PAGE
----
3 Career Lessons Men Know That Women Don’t

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Posted September 18, 2012 by Marcy Twete in On the Ladder

I saw the headline – “3 Career Lessons That Men Know and Women Don’t” – and I thought, “Only 3?” They’ve had generations of the “old boy’s club” to learn these lessons. We haven’t. But The Daily Muse hit the nail on the head with the three lessons they outlined in their article, and we want to highlight one and tell you why we think it’s plaguing women in business everywhere. It’s about using confident language.

…Male entrepreneurs saunter in, plop a half-written business plan down on the table, and explain to me exactly how they were going to “change the world” or “make a million dollars” or “revolutionize an industry” or [insert audacious claim here]. Without blinking an eye. Meanwhile, many of their female counterparts with equally great (or better!) ideas fell prey to subtly career-sabotaging “nice girl” blunders like over-explaining, apologizing unnecessarily, using minimizing words, being the last to speak, and believing that others know more than they did, just to name a few.

Do you know how many times I’ve heard women start sentences with:

  • Now, go with me for a minute here…..
  • This might be a bit off track….
  • Maybe I’m mistaken, but….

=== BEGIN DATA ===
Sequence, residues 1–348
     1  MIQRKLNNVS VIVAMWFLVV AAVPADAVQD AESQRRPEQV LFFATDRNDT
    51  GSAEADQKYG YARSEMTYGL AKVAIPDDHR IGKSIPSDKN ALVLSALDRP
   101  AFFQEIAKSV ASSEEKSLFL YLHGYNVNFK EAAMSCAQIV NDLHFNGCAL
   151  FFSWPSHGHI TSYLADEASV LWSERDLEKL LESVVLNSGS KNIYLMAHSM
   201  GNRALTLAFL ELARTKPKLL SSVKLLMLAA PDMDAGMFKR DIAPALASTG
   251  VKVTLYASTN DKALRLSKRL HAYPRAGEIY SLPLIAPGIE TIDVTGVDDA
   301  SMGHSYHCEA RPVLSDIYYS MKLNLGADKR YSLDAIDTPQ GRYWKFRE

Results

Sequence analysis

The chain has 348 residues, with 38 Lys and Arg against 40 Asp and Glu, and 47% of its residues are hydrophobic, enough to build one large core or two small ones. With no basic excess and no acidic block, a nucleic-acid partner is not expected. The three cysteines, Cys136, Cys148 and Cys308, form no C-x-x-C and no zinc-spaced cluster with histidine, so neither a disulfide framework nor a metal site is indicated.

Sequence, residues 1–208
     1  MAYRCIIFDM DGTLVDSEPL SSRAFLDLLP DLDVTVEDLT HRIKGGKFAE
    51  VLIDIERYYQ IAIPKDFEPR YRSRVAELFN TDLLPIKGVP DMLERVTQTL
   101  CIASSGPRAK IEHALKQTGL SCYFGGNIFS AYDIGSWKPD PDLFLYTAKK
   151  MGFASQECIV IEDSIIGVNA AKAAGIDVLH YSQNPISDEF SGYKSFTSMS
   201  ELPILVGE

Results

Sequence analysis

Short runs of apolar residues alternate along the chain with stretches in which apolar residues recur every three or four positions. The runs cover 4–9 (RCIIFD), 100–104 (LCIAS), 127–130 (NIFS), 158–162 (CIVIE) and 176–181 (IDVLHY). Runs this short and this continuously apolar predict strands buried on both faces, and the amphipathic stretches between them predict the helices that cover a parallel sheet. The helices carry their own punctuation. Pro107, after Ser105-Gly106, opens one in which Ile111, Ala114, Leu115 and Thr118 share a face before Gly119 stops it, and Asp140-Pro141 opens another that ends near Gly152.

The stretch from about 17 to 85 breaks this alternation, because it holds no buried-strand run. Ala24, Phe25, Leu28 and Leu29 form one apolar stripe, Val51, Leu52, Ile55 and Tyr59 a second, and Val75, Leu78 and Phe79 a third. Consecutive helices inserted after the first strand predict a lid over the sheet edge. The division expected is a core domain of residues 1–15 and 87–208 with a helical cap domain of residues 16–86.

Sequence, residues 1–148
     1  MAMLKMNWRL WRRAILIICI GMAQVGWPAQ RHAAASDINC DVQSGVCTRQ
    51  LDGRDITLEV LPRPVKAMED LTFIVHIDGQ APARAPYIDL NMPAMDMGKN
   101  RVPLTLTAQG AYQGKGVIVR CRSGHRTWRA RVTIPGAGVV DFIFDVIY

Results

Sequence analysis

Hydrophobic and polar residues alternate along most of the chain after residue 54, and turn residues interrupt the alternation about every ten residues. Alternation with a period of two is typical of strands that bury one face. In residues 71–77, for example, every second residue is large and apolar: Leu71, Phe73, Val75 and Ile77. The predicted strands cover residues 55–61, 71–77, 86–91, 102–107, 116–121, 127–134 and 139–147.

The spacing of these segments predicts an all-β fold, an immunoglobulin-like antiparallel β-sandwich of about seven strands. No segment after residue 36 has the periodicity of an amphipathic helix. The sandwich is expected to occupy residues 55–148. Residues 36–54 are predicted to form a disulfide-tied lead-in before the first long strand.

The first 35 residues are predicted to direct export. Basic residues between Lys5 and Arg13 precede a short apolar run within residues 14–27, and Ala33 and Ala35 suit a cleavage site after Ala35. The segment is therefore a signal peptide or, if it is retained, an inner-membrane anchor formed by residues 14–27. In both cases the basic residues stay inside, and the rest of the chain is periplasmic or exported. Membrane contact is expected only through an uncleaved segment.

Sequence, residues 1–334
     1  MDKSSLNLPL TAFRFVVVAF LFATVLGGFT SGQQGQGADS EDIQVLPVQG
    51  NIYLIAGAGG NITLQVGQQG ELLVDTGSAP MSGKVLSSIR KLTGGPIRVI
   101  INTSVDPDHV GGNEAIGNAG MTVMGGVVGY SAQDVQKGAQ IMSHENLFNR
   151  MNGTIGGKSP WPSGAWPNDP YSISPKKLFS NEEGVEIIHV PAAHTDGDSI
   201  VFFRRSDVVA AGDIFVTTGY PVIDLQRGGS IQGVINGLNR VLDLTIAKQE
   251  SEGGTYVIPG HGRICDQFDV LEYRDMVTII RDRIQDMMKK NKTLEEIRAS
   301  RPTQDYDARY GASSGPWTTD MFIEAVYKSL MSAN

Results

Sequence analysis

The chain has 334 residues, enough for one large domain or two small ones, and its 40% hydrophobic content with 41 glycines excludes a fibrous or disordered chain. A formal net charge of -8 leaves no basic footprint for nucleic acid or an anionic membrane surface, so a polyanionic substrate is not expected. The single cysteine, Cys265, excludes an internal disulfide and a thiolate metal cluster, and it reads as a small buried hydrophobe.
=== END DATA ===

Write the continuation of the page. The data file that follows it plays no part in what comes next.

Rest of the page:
• Is it possible that….

And the list goes on. Right? Men say:

  • I know
  • I think
  • I mean
  • Yes
  • No
  • Absolutely not

It’s all about the words we use. And when you begin a sentence with a qualifier telling the person you’re talking to that you might be wrong, you’re killing your credibility and your confidence at the same time. So go ahead, start a sentence with “I” and be willing to say “Yes” and “No” without hesitation. It’s the lesson we all need to learn to get past the gender gap, so we can learn (and teach) our own lessons.


About the Author

Marcy Twete

Marcy Twete is the author of "You Know Everybody! A Career Girl’s Guide to Building a Network That Works" and a career expert who believes in order to be empowered in your career, you must be surrounded with resources and a network that both supports and challenges you. Marcy began her own networking journey as a professional fundraiser in the nonprofit industry, honed those skills as a fundraising consultant, and in 2012 networked her way to nearly 1 million readers as the CEO of the professional development website Career Girl Network.

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